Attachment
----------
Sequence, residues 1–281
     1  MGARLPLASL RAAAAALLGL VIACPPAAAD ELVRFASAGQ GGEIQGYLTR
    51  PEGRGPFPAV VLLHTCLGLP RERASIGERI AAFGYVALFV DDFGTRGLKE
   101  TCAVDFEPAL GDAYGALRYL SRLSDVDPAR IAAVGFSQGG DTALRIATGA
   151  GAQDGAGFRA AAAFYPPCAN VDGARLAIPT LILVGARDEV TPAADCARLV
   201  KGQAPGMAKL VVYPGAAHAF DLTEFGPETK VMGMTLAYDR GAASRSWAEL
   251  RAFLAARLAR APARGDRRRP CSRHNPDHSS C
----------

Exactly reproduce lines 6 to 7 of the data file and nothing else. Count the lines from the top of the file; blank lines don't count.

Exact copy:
   201  KGQAPGMAKL VVYPGAAHAF DLTEFGPETK VMGMTLAYDR GAASRSWAEL
   251  RAFLAARLAR APARGDRRRP CSRHNPDHSS C